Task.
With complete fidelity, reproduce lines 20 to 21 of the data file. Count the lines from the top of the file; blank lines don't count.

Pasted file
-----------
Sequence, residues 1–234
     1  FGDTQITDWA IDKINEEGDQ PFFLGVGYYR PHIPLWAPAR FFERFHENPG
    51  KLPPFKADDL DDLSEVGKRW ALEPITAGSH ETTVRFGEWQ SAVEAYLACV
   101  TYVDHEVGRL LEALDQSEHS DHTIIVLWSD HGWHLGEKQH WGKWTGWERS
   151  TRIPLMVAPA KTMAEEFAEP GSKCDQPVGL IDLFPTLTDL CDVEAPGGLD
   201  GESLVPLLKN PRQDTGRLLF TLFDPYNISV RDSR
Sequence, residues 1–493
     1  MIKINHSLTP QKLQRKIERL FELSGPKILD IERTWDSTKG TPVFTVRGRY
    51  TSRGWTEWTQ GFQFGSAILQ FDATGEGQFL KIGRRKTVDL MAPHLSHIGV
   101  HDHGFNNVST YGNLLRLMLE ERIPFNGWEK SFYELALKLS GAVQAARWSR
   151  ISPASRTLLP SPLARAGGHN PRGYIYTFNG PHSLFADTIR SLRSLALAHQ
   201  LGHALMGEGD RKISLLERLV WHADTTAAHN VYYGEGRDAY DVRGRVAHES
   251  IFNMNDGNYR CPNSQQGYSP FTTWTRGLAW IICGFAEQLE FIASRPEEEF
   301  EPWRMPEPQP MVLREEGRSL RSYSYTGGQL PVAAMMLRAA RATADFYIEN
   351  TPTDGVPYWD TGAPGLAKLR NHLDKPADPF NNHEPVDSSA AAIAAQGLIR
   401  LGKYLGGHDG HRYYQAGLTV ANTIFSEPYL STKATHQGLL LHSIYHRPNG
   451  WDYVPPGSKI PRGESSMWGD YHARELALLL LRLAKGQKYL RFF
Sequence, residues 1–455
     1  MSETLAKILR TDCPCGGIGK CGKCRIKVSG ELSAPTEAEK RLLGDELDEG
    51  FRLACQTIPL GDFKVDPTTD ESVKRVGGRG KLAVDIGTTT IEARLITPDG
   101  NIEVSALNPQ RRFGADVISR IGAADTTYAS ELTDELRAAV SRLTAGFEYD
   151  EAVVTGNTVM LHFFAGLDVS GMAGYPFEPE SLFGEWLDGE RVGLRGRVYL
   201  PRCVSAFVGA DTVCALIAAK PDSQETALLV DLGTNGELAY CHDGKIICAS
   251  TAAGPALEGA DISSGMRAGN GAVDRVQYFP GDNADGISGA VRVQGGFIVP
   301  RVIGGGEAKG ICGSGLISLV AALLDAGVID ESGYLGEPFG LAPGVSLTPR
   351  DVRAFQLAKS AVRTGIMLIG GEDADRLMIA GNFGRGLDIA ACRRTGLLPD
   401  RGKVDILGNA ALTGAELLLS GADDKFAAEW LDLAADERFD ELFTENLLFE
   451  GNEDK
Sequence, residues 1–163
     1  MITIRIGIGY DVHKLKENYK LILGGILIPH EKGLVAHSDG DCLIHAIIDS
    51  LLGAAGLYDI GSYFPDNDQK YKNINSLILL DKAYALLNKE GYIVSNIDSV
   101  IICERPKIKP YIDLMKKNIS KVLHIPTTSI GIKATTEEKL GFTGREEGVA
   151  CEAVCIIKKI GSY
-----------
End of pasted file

    51  FRLACQTIPL GDFKVDPTTD ESVKRVGGRG KLAVDIGTTT IEARLITPDG
   101  NIEVSALNPQ RRFGADVISR IGAADTTYAS ELTDELRAAV SRLTAGFEYD